I am VERY excited today to host one of my favorite people in twitter and blog land, Dr. Deborah Gilboa from Ask Dr. G.
Dr. G (if we ever meet I’m pretty sure I will still call her Dr G instead of her actual first name) is a Board Certified Family Physician and mother of four. I’m not sure which gives her more credibility in my eyes (just kidding! It’s the kids) She not only speaks on parenting issues and answers all of your burning questions on her website, Ask Dr. G, she also runs an individualized workshop, “How to Get the Behavior You Want, Without Being the Parent You Hate.” And she’s featured on the Huffington Post! That’s big time, folks. She’s kind, supportive, and never charges me when I throw her a quick question on the Twitter.
Dr G was kind enough to answer a question for me that I think a lot of you with preschoolers (or maybe even older kids?) will relate to. I call it “Can you hear me, or am I talking to a brick wall?” syndrome.
How do you get your preschooler to listen without shouting so loud that the neighbors can hear? Seriously, I feel like I am talking to a brick wall sometimes, especially with one of my twins in particular. It could be me telling them to do/not to do something, or it could just be me trying to get her attention. She’s often off in lala land.
Signed, Harried mother of twins plus one (okay, it’s me)
Some kids are spacy! My husband (brave, brave man) coached our son’s kindergarten soccer team. He was fantastic, but said there wasn’t much to be done with the “astronauts.” These are the kids who lose track of the game in favor of butterflies, mud, kites, their own belly buttons…
Being off in lala land can be a great personality trait, unless, of course, you’re the one who has to get her attention. Kids who can imagine, focus on something the rest of us don’t see, give their complete attention to the task they’ve chosen are kids destined to make great strides in… something.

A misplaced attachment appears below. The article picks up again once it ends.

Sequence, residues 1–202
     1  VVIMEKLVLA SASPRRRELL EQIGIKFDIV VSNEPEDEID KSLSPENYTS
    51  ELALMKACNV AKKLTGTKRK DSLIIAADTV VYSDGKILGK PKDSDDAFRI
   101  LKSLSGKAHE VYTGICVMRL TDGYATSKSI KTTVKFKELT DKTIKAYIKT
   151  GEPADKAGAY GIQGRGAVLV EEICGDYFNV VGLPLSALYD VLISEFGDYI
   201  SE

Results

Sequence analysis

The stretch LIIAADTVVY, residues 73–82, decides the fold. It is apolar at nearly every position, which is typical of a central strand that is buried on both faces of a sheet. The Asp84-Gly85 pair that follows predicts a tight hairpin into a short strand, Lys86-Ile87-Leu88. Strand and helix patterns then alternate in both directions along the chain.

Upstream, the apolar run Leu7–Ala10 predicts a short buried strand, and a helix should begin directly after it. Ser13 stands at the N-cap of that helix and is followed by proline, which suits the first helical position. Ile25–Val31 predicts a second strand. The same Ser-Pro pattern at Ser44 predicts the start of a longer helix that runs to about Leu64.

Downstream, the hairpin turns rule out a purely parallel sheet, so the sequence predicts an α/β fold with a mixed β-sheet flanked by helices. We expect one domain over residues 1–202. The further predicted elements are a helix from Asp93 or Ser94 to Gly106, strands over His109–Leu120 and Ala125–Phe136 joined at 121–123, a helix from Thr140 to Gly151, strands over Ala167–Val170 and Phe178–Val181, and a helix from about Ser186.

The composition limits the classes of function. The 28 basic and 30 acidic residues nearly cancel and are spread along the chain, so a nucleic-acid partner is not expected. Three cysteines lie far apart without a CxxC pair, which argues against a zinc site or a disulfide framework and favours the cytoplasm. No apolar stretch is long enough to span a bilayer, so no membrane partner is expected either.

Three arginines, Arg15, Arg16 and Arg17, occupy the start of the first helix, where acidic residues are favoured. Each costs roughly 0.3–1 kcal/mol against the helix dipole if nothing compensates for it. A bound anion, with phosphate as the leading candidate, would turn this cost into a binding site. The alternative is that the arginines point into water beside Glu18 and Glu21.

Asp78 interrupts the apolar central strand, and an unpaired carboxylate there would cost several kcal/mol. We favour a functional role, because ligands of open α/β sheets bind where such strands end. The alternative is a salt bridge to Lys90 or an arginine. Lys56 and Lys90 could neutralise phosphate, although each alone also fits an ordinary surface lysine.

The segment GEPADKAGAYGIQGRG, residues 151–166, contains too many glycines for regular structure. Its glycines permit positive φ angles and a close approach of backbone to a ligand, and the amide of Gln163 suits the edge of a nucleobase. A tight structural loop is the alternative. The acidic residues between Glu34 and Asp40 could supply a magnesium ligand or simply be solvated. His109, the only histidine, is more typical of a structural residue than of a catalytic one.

Until that great day when she dedicates her Nobel prize to you, however, you’re going to have to figure out what does get her attention. No need to yell, she doesn’t hear you anyway!
There are three tricks to actually communicating with kids:
- If you don’t have eye contact you have to assume she can’t hear you. So don’t start talking until she is looking you in the eye. The part of her brain that can actually attend to your words is not engaged if she is focusing on something else. Some kids can’t hear you until they have put down the toy, even if they’re looking at you.
- If you have to repeat yourself, get quieter instead of louder. The instinct to escalate our volume when saying something for a second time is almost inescapable! Unfortunately, as volume rises, so does blood pressure and frustration. If you get quieter she will attend to your words better.
- Kids don’t hear what you say to someone else. As a mom of four, I can’t begin to count the number of times I have said “Did you not hear what I JUST said to your brother?” The honest answer? “No, did you say something?” Kids can not be an example to one another. Just give up that fond wish now.
There are lots of other great communication tips. Keep it short, ask your child to repeat back to you what they heard, use funny voices… There are lots of options to avoid yelling if you can keep your cool long enough to remember any of them. Ha!
The last yelling tip I want to leave you with is this: It’s OK to yell occasionally. People in this world yell. If a child has never heard someone “lose it” in frustration at home, they are not going to be so resilient when this happens to them at school or youth group or at their first job. Even more important, they’re not going to have any context for their own frustration as they grow if they never see ours.
So happy communicating!
Do you feel better after reading that? I totally do. I really like “No need to yell, she doesn’t hear you anyway!” It’s like she knows my kids. I also love the idea of keeping it short and having them repeat back to you. We forget that our kids can’t soak in a long, drawn out lecture on why they shouldn’t sling sticks around pretending that they are Puss and their sister is Kitty Softpaws when “You’ll poke your eye out” will suffice.
I love these tricks, and I’m committed to keeping them in mind the next time
I’m being ignored they’re being spacey.
And I cannot WAIT until Rachel dedicates her Nobel prize to me.